Book Review: Infant Spirits
Reviewed by Alexandria Ducksworth
Ghosts & demons lurk in this oddly delightful paranormal horror
Anything associated with children in a horror novel is bound to be creepy. But it takes a strong author to make it somehow delightful. The Infant Spirits is great for those in the mood for a quick creepy read capable of being devoured in a single night. This thing is exciting, fast-paced, and can be downright disturbing.
Infant Spirits opens with a brief flashback of Willow Court Asylum’s haunting origins. A woman makes a dangerous decision to keep her unborn baby alive in exchange for its soul to a demon.
Fast forward to the present—we have paranormal investigators Harry and Clarisse exploring the old hospital. They are pregnant with their first child. The plan is to learn more about the site’s history, investigate it for proof of ghosts, and call it a day.
But soon, they get way more than they expected.
Clarisse has a history of contacting ghosts and detecting their energies. While exploring the asylum, a child’s spirit manifests before her. The encounter may appear friendly, but there is a darker motive behind it.
A demon still lingers around Willow Court, and it wants Clarisse’s unborn child. Clarisse refuses to leave the hospital without helping the spirit children. The question: how is she going to rescue the kids and banish a demon without losing her only child?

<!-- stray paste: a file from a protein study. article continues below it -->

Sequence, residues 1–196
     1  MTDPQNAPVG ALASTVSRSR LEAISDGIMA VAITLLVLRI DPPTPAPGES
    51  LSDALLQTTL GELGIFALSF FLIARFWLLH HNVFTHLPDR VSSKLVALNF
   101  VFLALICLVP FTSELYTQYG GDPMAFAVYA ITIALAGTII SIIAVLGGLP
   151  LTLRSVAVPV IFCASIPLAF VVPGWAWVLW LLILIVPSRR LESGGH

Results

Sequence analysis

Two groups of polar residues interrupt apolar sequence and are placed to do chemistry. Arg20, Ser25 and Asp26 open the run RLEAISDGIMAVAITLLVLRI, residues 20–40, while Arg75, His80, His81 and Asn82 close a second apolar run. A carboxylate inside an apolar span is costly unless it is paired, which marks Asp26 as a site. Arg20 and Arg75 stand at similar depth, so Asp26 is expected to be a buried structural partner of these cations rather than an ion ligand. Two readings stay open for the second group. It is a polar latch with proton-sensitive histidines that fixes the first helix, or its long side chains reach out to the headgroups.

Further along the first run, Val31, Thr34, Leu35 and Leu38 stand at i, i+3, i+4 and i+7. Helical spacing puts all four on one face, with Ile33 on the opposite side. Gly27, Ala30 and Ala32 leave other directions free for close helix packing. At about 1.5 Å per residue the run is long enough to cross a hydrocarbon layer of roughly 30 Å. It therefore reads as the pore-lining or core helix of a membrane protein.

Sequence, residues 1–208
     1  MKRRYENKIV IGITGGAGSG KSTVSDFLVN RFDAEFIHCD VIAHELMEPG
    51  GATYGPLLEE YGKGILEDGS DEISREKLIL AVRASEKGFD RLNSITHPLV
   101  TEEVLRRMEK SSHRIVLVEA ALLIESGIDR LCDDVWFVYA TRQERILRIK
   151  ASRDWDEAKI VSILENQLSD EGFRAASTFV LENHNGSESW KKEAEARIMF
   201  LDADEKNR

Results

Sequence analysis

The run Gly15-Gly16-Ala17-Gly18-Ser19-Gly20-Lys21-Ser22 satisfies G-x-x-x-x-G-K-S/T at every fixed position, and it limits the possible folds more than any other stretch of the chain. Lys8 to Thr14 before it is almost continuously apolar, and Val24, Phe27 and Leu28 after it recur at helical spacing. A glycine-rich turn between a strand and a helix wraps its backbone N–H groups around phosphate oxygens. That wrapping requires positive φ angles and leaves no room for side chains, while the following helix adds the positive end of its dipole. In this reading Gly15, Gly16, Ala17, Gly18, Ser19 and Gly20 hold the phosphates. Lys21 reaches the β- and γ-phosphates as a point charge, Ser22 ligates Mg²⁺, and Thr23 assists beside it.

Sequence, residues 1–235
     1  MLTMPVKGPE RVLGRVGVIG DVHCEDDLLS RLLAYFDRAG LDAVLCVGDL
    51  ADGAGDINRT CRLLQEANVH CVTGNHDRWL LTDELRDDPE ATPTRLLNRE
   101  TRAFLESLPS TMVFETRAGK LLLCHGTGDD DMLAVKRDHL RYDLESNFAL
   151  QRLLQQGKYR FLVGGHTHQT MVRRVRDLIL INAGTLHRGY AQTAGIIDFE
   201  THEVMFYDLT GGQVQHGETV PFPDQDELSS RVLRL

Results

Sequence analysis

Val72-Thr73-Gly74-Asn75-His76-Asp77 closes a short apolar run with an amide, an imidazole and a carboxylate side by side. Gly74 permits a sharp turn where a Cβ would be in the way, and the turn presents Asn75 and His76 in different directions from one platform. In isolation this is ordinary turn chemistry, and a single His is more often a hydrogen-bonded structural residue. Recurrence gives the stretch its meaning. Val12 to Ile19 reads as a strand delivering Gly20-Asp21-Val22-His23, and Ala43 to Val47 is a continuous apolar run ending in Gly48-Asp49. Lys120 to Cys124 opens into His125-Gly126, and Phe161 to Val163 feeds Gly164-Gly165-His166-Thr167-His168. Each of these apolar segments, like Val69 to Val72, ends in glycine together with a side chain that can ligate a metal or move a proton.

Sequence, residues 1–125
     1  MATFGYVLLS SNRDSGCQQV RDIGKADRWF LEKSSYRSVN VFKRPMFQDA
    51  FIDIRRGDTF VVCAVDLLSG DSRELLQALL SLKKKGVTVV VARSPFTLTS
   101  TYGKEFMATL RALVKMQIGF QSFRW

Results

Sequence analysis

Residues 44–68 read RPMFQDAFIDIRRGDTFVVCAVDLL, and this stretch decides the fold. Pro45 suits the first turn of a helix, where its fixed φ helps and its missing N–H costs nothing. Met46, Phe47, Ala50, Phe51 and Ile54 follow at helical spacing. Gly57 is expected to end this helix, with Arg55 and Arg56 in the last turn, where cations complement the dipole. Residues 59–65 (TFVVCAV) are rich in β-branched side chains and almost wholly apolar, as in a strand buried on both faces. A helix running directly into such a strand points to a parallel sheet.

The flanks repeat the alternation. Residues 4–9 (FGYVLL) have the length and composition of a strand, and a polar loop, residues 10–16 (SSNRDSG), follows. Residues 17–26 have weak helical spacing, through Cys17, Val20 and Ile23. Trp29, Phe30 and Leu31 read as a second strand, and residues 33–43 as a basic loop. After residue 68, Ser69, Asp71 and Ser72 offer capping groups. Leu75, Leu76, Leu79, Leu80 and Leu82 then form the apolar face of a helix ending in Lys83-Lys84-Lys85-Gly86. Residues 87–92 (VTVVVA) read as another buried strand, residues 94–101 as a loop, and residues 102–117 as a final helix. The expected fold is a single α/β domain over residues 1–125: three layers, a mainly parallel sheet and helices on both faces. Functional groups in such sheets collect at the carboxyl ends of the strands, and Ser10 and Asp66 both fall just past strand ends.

As a fan of everything tied to paranormal investigations, I was thrilled to make my way through Infant Spirits. It reminds me of many successful horror movies before it, like Insidious and The Conjuring. I felt like I was part of the paranormal team encountering all of the ghostly horrors in this one. The character journeys (especially Clarisse’s) are exciting and personal through a horror lens. Tremayne’s prose emits the rush you would feel as you were climbing the tall slope of a rollercoaster.
And it turns out that the Land Down Under can be terrifying. Australia is home to famously haunted locations such as Port Arthur and the Monte Cristo Homestead. It’s always fascinating to find books with similar tropes set in new locations. There’s always room for more location diversity.
Why is the area haunted? Tremayne does a great job of showing us that it’s not all about the demon and the ghost children; it’s also about energy. Willow Court is swimming in negative energy. I’m glad Tremayne decided to fill readers in with such details. Sure, any old house with a ghost (or a demon) is scary, but a haunting history lays out the foundation of its horror.
The Infant Spirits is a terrific read for spooky ghost lovers. Tremayne’s writing is chilling, and her visuals leave haunting thoughts long after reading.
While it may not be as long as a typical horror novel, it’s great for those who are looking for a quick scare. Here’s to hoping Tremayne continues Clarisse’s haunting adventures; in a world like this, I’m confident there are more creepy journeys to be had.
Genre: Science Fiction & Fantasy / Paranormal / Horror
Print Length: 244 pages
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